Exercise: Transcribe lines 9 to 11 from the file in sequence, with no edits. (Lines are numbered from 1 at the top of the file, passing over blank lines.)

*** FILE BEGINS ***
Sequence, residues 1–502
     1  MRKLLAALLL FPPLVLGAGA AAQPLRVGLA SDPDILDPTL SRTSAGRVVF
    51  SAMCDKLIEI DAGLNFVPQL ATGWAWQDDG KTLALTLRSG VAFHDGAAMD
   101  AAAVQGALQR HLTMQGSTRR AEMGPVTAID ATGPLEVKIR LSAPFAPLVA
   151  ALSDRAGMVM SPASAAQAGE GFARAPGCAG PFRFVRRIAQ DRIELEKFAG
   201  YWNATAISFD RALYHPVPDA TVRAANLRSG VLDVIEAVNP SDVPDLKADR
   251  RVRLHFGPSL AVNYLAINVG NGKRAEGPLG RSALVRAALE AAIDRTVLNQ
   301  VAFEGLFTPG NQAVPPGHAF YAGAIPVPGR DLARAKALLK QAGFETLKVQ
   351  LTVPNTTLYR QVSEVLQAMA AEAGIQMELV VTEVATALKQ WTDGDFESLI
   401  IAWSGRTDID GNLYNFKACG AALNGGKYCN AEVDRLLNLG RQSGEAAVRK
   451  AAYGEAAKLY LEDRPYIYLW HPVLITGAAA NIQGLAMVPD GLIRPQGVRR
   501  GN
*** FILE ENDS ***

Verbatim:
   351  LTVPNTTLYR QVSEVLQAMA AEAGIQMELV VTEVATALKQ WTDGDFESLI
   401  IAWSGRTDID GNLYNFKACG AALNGGKYCN AEVDRLLNLG RQSGEAAVRK
   451  AAYGEAAKLY LEDRPYIYLW HPVLITGAAA NIQGLAMVPD GLIRPQGVRR